It is unlawful pregnancy and maternity discrimination to treat a female employee unfavourably because she is exercising the right to maternity leave. The word "because" requires analysis of why the alleged discriminator acted in the alleged manner.
The employer had a policy of treating as a leaver anyone who had not received payment for the last three months. The employee commenced maternity leave in June 2013 but did not meet the earnings threshold for statutory maternity pay (SMP). Accordingly, she did not receive any payments from Interserve once she had commenced maternity leave.
Following the start of her maternity leave, her manager changed. He received a spreadsheet showing that she had not received any payments in the preceding three months. He applied the policy, which resulted in P45s being issued to her and six other employees. The manager had not been aware that she was on maternity leave and was subsequently advised by HR that he did not need to correct the company's records but that he should complete a backdated new joiner form when she returned from maternity leave. She didn’t infact return from maternity leave, so her leaving date was never amended which meant she lost benefits and the accommodation she had been living in.
She issued proceedings in the employment tribunal claiming pregnancy and maternity discrimination, which a tribunal upheld, deciding that an automatic consequence of applying the policy was to treat her unfavourably because she was absent on maternity leave.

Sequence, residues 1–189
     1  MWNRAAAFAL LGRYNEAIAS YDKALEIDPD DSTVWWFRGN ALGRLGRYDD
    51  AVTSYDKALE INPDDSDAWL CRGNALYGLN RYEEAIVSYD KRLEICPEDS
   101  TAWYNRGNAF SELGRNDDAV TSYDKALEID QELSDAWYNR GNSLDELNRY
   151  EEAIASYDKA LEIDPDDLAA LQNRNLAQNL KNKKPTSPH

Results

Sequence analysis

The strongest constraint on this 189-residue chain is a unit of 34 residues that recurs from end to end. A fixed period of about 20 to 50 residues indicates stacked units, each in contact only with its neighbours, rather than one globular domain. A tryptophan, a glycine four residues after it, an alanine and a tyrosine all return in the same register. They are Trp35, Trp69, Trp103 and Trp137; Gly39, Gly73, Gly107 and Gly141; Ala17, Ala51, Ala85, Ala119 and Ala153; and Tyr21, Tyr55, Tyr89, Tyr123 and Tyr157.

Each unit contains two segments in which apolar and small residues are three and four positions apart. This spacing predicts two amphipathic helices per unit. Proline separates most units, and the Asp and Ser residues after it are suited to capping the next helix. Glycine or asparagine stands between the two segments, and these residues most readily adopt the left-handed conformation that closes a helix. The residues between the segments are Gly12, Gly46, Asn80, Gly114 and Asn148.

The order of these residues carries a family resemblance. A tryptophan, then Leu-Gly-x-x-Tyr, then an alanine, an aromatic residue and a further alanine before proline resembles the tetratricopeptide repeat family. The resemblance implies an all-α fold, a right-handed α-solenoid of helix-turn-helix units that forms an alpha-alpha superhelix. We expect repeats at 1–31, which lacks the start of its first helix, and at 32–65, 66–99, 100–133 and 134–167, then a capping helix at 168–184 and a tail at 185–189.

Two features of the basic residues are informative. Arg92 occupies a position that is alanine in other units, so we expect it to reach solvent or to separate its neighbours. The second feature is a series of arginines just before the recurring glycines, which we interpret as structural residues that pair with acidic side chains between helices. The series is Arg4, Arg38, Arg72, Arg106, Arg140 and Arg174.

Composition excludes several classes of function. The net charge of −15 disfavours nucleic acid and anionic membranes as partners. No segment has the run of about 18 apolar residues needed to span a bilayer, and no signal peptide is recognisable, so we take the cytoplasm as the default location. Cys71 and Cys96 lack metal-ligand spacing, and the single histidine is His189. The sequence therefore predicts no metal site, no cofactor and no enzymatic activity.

The employment appeal tribunal allowed the employer’s appeal for the following reasons:
The policy had two constituent criteria but they had to be considered cumulatively: in order for the policy to apply, an individual had to both be absent and not receiving any payment.
The policy was neutral on its face, and the employee had not argued that, in practice, it was targeted at women generally, or women on maternity leave.
In these circumstances, not all women on maternity leave would be caught by the policy and other employees who were not on maternity leave could be caught. It followed that the policy was not inherently based on or necessarily linked to pregnancy or maternity and, accordingly, the tribunal had been required to consider the mental processes of the putative discriminator.